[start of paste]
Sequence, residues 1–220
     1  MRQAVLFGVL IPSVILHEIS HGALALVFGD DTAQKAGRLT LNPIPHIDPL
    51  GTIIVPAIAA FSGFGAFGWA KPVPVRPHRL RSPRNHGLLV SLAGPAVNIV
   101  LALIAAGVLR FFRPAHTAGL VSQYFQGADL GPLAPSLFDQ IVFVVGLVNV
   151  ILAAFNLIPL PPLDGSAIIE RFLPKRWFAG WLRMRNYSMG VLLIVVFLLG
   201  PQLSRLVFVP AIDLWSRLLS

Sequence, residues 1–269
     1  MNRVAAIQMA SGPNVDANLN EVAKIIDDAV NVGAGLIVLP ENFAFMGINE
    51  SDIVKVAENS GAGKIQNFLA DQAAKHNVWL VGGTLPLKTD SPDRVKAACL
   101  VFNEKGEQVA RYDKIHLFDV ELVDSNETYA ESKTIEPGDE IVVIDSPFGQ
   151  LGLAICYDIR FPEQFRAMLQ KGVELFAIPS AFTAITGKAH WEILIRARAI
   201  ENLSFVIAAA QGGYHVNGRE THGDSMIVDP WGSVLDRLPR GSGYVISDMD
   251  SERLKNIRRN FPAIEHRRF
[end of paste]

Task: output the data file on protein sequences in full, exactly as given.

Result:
Sequence, residues 1–220
     1  MRQAVLFGVL IPSVILHEIS HGALALVFGD DTAQKAGRLT LNPIPHIDPL
    51  GTIIVPAIAA FSGFGAFGWA KPVPVRPHRL RSPRNHGLLV SLAGPAVNIV
   101  LALIAAGVLR FFRPAHTAGL VSQYFQGADL GPLAPSLFDQ IVFVVGLVNV
   151  ILAAFNLIPL PPLDGSAIIE RFLPKRWFAG WLRMRNYSMG VLLIVVFLLG
   201  PQLSRLVFVP AIDLWSRLLS

Sequence, residues 1–269
     1  MNRVAAIQMA SGPNVDANLN EVAKIIDDAV NVGAGLIVLP ENFAFMGINE
    51  SDIVKVAENS GAGKIQNFLA DQAAKHNVWL VGGTLPLKTD SPDRVKAACL
   101  VFNEKGEQVA RYDKIHLFDV ELVDSNETYA ESKTIEPGDE IVVIDSPFGQ
   151  LGLAICYDIR FPEQFRAMLQ KGVELFAIPS AFTAITGKAH WEILIRARAI
   201  ENLSFVIAAA QGGYHVNGRE THGDSMIVDP WGSVLDRLPR GSGYVISDMD
   251  SERLKNIRRN FPAIEHRRF